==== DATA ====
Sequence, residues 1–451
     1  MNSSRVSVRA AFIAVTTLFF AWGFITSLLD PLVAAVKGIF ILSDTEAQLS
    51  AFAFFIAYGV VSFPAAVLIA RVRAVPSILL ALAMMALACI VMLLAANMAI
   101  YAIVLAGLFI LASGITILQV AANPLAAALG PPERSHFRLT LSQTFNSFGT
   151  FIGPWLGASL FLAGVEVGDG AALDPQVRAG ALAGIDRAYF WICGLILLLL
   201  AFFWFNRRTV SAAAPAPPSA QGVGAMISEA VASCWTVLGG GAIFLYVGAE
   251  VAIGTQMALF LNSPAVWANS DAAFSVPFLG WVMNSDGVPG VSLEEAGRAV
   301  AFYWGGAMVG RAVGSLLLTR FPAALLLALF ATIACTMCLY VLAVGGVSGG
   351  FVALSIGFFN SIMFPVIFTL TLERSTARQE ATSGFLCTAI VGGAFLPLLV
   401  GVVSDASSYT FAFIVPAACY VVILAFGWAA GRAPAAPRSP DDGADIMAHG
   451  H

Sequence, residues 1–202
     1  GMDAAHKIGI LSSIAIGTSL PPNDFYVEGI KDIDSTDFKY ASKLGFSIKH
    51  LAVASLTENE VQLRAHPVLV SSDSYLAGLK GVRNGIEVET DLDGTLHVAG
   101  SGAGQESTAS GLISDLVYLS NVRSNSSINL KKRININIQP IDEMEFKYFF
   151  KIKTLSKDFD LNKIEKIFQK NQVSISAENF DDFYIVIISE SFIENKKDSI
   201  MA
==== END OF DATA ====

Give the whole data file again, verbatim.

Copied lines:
Sequence, residues 1–451
     1  MNSSRVSVRA AFIAVTTLFF AWGFITSLLD PLVAAVKGIF ILSDTEAQLS
    51  AFAFFIAYGV VSFPAAVLIA RVRAVPSILL ALAMMALACI VMLLAANMAI
   101  YAIVLAGLFI LASGITILQV AANPLAAALG PPERSHFRLT LSQTFNSFGT
   151  FIGPWLGASL FLAGVEVGDG AALDPQVRAG ALAGIDRAYF WICGLILLLL
   201  AFFWFNRRTV SAAAPAPPSA QGVGAMISEA VASCWTVLGG GAIFLYVGAE
   251  VAIGTQMALF LNSPAVWANS DAAFSVPFLG WVMNSDGVPG VSLEEAGRAV
   301  AFYWGGAMVG RAVGSLLLTR FPAALLLALF ATIACTMCLY VLAVGGVSGG
   351  FVALSIGFFN SIMFPVIFTL TLERSTARQE ATSGFLCTAI VGGAFLPLLV
   401  GVVSDASSYT FAFIVPAACY VVILAFGWAA GRAPAAPRSP DDGADIMAHG
   451  H

Sequence, residues 1–202
     1  GMDAAHKIGI LSSIAIGTSL PPNDFYVEGI KDIDSTDFKY ASKLGFSIKH
    51  LAVASLTENE VQLRAHPVLV SSDSYLAGLK GVRNGIEVET DLDGTLHVAG
   101  SGAGQESTAS GLISDLVYLS NVRSNSSINL KKRININIQP IDEMEFKYFF
   151  KIKTLSKDFD LNKIEKIFQK NQVSISAENF DDFYIVIISE SFIENKKDSI
   201  MA